Buprenorphine Patches

Prescription patches are particularly easy to abuse because they are portable, discrete, and provide exactly what is needed to curb a physical addiction. Pills, on the other hand, because they are absorbed through the digestive system, do no provide quite the same impact. As a result, abusers often grind the pills up and convert them to an injectable drug.

Buprenorphine Implants

Finally, while rarely done, because it is highly dangerous, it is also possible to abuse implanted buprenorphine. Normally, implanted buprenorphine is designed to provide a constant and controlled stream of the drug for about six months. If the implant is carefully manipulated, the level of the drug being released can be increased. If done right, this results in a near constant high. If done wrong, it results in an overdose and possibly death.

Withdrawal of Buprenorphine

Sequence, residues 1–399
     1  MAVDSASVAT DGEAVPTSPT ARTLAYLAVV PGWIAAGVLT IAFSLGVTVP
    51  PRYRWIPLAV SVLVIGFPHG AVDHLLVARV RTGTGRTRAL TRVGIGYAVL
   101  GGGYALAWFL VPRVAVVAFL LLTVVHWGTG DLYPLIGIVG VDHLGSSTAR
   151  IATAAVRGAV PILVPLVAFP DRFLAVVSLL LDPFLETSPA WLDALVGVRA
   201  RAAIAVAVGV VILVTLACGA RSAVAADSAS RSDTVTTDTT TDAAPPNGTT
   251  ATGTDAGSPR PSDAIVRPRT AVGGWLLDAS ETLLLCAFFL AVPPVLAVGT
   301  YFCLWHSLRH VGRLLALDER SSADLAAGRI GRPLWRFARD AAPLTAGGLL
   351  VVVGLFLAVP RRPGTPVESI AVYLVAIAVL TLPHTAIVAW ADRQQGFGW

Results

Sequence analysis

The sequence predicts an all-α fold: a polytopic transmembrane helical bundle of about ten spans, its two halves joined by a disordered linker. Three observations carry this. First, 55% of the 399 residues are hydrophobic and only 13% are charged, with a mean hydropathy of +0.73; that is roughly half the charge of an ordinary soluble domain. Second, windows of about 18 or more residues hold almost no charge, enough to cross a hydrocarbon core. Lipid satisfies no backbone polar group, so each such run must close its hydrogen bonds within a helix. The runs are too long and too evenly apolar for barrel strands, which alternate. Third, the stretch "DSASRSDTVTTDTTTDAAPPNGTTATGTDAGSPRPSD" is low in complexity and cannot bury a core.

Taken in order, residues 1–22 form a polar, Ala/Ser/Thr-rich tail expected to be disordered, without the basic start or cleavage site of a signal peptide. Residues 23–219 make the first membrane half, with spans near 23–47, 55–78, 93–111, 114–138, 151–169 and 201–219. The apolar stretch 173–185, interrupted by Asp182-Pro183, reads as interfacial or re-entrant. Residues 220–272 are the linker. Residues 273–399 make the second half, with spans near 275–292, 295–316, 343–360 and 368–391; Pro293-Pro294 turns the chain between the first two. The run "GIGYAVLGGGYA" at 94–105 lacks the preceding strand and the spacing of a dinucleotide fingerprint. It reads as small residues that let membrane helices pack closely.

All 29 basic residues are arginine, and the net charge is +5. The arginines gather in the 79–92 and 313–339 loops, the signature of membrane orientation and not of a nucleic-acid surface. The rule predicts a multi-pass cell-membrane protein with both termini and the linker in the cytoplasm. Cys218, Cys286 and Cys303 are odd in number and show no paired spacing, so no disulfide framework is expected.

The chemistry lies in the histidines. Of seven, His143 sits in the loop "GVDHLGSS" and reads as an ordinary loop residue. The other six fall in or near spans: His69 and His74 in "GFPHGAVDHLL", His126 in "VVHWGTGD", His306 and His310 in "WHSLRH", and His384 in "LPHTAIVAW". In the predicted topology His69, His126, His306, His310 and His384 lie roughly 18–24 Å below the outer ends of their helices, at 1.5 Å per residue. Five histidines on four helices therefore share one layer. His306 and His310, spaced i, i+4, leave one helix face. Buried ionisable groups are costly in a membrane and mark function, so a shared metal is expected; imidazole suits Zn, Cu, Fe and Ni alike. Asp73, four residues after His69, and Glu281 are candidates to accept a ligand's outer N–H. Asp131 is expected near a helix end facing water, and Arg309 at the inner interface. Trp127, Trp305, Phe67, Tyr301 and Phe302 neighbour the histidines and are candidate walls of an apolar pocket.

Buprenorphine is both physically and psychologically addictive. Any gap in use of the drug, including due to intentional withdrawal for the purposes of treatment results in the following side effects:

  • Anxiety
  • Fluctuations in appetite
  • Flu-like symptoms including headaches, nausea, cold flashes, general body pain, and sweating
  • Difficulty sleeping or staying awake, often resulting in constant restlessness
  • Fluid leakage, from both the nasal cavity and eyes
  • Dilation of the pupils
  • Changes in mood

In a controlled setting, like a rehabilitation clinic, these symptoms can be safely controlled. In an uncontrolled setting, they can result in dangerous dehydration, recklessness with heavy machinery like cars, and loss of motor controls, all of which could cause significant, even fatal, harm.

About the author

Robert M. has been in recovery since 1988. He is a sponsor and loyal member of AA. He has been working in the drug and alcohol field for nearly 20 years. During that time, he has written industry blogs and articles for a variety of industry websites including Transitions, Malibu Horizons, Behavioral Health of the Palm Beaches and Lifeskills of Boca Raton.